I’m currently sitting at a coffee shop in crunch mode. A few weeks ago I wrapped up the first draft of a book more than 25-years in the making. As I typed the closing words of the final chapter, I felt something was missing. That perhaps my book was an illusion or misrepresentation of grief. Despite being brutally honest about my lack of credentials or knowledge base around this topic, I felt like a fraud. Somehow my story didn’t seem strong enough or capped with enough wisdom and answers to really provide a sense of purpose to the reader.
As I contemplated what to do next, I began reading Susan Cain’s latest book Bittersweet. When I hit chapter 3, Cain made the comment, whatever pain you can’t get rid of, make it your creative offering. I realized in that moment, the purpose of my book, is to share with even one person, my journey with loss. For me, it has no end, because for me to never experience loss again would mean to quit living. Despite believing that in my soul, I seriously questioned if anyone else would understand. After all, one of the most common pieces of encouragement after losing someone or something you love is this too shall pass. It will get easier, once you get through it.
The problem is that never happened for me. I kept waiting and waiting, believing that if I just tried hard enough, I’d reach the other side. But the truth is, I feel loss and I hold onto it. I don’t dwell in it or quit living. I’m not clinically depressed or emotionally unavailable. Instead, I find myself acknowledging this is the price of admission and often times elevating my blessings by recognizing that anything worth anything I will in fact lose someday.
This is where divine intervention, fate, or a more logical explanation of Frequency Illusion of Baader-Meinhof Phenomenon comes into play. Because as I contemplated my shortcomings, Bittersweet provided the framework needed for me to finalize understand my inner workings.
Cain’s explanation of how certain people hold space for love and sorrow finally answered a decade old question. I am not broken. I am what Cain describes as a true connoisseur of the place where light and dark meet.
How did I come to that conclusion? A simple 15 question quiz that had me scoring 8.1 on the Bittersweet scale. Interestingly enough, my husband landed solidly in the category of sanguine or eternal optimist. It makes sense – I’ve been called Eeyore on more than one occasion, especially by my husband. I never minded, at one point going as far as to have a blog called It’s ok to be Eeyore, because I felt the world has enough Tiggers in it. That, I’d rather be loyal to one and contemplative, then someone I’m not.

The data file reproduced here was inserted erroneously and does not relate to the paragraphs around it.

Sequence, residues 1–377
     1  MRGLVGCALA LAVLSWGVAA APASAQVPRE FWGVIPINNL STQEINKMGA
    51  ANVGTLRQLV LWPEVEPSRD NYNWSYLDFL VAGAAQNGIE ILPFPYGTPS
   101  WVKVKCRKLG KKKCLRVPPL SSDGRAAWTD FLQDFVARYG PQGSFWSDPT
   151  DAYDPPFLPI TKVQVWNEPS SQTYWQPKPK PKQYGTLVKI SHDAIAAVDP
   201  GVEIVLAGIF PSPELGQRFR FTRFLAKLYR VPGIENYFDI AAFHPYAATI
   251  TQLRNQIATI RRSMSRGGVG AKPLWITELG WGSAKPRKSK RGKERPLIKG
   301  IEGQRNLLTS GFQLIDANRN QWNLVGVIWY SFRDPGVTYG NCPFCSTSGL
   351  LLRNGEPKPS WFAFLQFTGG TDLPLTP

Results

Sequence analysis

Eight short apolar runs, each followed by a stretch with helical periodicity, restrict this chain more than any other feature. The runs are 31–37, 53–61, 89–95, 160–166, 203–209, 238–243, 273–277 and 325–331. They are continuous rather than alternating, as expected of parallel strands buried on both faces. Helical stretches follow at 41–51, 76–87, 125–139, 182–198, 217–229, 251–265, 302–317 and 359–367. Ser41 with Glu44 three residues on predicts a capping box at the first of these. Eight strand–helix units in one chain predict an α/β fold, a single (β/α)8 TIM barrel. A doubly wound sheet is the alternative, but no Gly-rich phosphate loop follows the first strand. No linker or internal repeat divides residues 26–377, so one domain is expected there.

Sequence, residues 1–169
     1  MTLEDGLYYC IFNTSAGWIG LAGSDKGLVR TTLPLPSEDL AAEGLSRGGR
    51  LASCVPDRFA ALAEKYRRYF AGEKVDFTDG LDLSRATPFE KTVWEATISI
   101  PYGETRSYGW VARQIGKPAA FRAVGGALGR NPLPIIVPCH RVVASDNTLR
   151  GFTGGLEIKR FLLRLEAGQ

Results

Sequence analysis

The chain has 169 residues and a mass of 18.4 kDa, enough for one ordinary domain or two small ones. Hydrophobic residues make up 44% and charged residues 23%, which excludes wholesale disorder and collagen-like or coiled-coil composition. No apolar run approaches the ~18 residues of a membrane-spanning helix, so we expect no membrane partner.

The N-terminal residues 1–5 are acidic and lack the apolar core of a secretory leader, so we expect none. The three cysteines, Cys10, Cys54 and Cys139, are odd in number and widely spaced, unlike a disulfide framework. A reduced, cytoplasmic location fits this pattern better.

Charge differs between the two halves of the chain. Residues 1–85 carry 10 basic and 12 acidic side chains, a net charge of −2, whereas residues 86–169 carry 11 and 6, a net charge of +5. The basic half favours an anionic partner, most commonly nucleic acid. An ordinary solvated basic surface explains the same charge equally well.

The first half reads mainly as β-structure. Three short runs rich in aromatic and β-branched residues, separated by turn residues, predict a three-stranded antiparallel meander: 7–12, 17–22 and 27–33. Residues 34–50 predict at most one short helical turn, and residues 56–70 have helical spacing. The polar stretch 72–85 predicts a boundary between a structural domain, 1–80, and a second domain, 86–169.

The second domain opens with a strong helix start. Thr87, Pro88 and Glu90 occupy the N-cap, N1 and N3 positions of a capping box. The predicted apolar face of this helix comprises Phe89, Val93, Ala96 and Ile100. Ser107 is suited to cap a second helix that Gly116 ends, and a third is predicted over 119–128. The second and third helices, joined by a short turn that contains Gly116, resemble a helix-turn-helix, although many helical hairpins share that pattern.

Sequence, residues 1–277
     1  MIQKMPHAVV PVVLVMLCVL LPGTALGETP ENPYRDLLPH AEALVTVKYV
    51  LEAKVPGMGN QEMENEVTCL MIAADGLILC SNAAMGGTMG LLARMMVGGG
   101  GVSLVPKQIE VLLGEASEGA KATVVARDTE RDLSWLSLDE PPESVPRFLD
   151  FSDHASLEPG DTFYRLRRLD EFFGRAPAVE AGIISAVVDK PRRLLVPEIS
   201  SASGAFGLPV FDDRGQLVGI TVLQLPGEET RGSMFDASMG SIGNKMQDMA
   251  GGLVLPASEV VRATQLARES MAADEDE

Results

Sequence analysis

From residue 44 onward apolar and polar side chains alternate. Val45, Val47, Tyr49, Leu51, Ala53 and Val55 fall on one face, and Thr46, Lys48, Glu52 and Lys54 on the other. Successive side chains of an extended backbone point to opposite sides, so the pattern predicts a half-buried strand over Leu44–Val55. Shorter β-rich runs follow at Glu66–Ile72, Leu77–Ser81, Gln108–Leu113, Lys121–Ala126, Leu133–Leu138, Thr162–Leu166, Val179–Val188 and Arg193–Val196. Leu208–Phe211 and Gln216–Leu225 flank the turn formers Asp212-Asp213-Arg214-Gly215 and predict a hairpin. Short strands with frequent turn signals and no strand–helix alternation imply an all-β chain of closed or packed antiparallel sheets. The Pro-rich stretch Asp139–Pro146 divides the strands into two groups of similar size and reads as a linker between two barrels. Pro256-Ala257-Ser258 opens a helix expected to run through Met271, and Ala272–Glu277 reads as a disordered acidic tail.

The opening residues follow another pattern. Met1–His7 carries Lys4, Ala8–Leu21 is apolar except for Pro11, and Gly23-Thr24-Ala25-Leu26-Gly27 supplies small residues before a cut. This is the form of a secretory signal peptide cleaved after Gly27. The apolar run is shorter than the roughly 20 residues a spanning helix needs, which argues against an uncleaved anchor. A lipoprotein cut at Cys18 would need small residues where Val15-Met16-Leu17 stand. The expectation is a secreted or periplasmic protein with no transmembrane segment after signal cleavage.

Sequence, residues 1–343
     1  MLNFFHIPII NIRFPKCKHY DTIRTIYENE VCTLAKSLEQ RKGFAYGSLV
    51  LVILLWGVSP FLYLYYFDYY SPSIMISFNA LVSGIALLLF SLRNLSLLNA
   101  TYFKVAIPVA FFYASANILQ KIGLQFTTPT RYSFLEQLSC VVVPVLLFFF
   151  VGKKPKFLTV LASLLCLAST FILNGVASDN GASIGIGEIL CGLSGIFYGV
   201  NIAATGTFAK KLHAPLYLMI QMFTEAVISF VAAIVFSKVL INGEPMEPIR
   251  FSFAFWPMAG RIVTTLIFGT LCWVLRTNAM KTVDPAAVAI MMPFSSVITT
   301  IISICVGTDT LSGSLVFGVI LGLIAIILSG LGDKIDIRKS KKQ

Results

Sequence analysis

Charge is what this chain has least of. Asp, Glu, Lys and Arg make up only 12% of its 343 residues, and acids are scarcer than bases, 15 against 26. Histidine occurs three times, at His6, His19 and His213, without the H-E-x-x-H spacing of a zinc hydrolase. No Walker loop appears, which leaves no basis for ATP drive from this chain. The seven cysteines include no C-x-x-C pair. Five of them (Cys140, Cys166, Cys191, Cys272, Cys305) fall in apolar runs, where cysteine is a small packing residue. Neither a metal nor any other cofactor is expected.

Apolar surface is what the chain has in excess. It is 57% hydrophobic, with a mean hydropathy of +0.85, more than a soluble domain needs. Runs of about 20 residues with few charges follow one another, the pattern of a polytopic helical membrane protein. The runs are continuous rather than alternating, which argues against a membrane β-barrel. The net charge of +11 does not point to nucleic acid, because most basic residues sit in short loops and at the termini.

Cain spends a lot of time contemplating the complexities of living in the place where light and dark meet, including one extremely important factoid that our culture has decided to overlook – it’s not human to simplify move on.
Trust me when I say this book is packed with wisdom. I earmarked so many pages and passages. But this, well it sums up my conflict with grief. It finally provides me the research to back my experience with loss – and the reality that while I keep living after loss, it does not mean that I’ve moved on, but rather that I’m continuing to move forward. The truth is, acknowledging my loss and being willing to talk about it, does not mean I’m dwelling or depressed, but rather I’m resilient. I am resilient and strong enough to embrace both love and loss, or as Cain explains, bitter and sweet, in the same moment.
How lucky we are to live in a world so beautiful where that’s possible? We are literally programmed to experience emotional multi-tasking. Yet, somehow that message continuously gets lost. Grieve and be sad. Then move on and be happy. I’m here to tell you, there’s an alternative. If you don’t believe me, then you MUST READ HER BOOK and take her word for it. Years ago Susan’s book Quiet gave me language around being an introvert. Now, she’s providing me peace for my experiences with loss. For that, I am forever grateful.
I have months of editing to go on this book and a proposal due in less than 3-weeks. The past few weeks have been packed with self-doubt. Yet, as I sought a sign, this book dropped in my lap. The proof I needed to know that I am not alone. Call it divine intervention or frequency illusion, it is a fine a line. Just know, that often times, the answers are there if you just ask the right question.